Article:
Exploring Low-Income Housing Tax Credits [Part 2]

Learn about LIHTC loan syndication and how developers utilize the program in the second part of this educational series.

In the first entry of this series, we explored the basics of the Low-Income Housing Tax Credit and how the program works. Next, we will delve into the usage of the program by developers, and how these loans are syndicated.

The LIHTC Process for Developers

In order to secure LIHTC credits for a development, a developer must first propose the project and apply with a state’s Housing Finance Authority (HFA). If the HFA agrees to approve the credits, then the developer and the HFA can enter the negotiation process for the project’s Land Use Restriction Agreement (LURA). A LURA limits the maximum rent that the owner of a property can charge, usually based on a specific percentage of the area median income (AMI), which is a statistic published by HUD that attempts to estimate the median income level in a given area. After this is taken care of, the project can begin construction or rehabilitation after which it can be certified by the HFA. Once this is all taken care of, then the units of the property may actually be leased to residents. Properties must be re-certified on an annual basis in order for investors/developers to continue to receive tax credits.

To get tax credits in the first place, an investor needs to own shares in the project itself, which typically occurs through them owning a part of an LLC or being in a direct partnership with the developer. Developers tend to want the investor to own as much of the LLC or partnership as possible, as this means that there will be a much larger investment on their behalf into the property. In order to determine the exact amount of an investor contribution, the developer will create a projected cost for the credits, and apply a specific discount rate (agreed upon by both parties). Those numbers will be multiplied by the share of the LLC/partnership an investor actually owns.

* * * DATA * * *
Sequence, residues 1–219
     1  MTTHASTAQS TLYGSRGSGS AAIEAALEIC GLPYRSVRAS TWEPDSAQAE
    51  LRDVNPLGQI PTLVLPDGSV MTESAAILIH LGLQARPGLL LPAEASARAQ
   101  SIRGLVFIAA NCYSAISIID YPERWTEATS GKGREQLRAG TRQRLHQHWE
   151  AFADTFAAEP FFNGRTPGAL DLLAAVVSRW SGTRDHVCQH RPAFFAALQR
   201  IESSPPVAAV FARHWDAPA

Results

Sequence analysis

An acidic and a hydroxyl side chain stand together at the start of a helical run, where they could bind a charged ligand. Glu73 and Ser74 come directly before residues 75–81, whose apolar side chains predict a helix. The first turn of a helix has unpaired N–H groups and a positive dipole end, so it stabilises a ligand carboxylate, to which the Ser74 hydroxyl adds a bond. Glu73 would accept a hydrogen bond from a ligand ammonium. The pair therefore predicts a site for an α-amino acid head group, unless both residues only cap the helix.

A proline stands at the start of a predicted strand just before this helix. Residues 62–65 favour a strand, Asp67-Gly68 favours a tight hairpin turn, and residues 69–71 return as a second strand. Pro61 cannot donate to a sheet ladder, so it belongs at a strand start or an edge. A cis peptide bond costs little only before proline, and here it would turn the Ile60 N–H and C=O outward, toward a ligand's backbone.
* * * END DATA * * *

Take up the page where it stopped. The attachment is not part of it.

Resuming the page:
For example, if a developer projects the credit at $1 million, and the investor owns 90% of the LLC (or other ownership vehicle), and the investor and developer have agreed to a discount rate of 75%, then the investor’s contribution can be calculated as follows:

$1 million x 90% x 75% = $675,000

The purpose of the discount is to act as an incentive for investors. The discount exists because an investor would not typically put their money into a project unless they were actually going to make a profit.

Developer and Investor Specifics for LIHTC Funded Projects

As we mentioned before, an investor/developer would need to set aside a certain number of units for tenants making no more than a certain percentage of the area median income (AMI) in the area in which the property is located. Usually, they must either set aside 20% of the units for borrowers who make equal to or less than 50% of the AMI OR set aside 40% of the units for borrowers who make 60% or less of the AMI. These, however, are only the federal minimums, and many states often require more strict requirements for set-asides (i.e. larger percentages of units at lower percentages of the AMI). It is worth noting that the higher percentage of units set aside, the more credits an investor will be eligible for. However, since there is a limited amount of LIHTC credits in each state, it isn’t uncommon for states to institute a ceiling on how many affordable units a property may have.

How LIHTC Syndication Works

While many developers seek out individual LIHTC investors, this isn’t the only option available. In some cases, developers partner with a syndicator, which pools multiple real estate projects into one large LIHTC fund. The syndicator will then sell the tax credits to investors, which reduces the risk for individual investors in the event that a single project will go out of compliance. Additionally, investment in LIHTCs is popular since LIHTC properties have foreclosure rates significantly lower than the average rate for multifamily properties.